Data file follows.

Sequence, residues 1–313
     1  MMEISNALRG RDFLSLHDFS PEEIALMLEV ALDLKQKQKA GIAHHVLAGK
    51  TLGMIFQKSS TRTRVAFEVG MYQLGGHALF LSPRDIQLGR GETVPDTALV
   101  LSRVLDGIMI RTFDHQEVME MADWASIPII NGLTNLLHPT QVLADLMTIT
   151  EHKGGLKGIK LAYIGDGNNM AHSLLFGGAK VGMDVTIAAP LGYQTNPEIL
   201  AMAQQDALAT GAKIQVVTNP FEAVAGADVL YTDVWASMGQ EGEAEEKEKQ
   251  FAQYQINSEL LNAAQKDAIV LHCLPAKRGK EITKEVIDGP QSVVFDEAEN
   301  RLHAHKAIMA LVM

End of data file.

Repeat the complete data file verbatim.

Sequence, residues 1–313
     1  MMEISNALRG RDFLSLHDFS PEEIALMLEV ALDLKQKQKA GIAHHVLAGK
    51  TLGMIFQKSS TRTRVAFEVG MYQLGGHALF LSPRDIQLGR GETVPDTALV
   101  LSRVLDGIMI RTFDHQEVME MADWASIPII NGLTNLLHPT QVLADLMTIT
   151  EHKGGLKGIK LAYIGDGNNM AHSLLFGGAK VGMDVTIAAP LGYQTNPEIL
   201  AMAQQDALAT GAKIQVVTNP FEAVAGADVL YTDVWASMGQ EGEAEEKEKQ
   251  FAQYQINSEL LNAAQKDAIV LHCLPAKRGK EITKEVIDGP QSVVFDEAEN
   301  RLHAHKAIMA LVM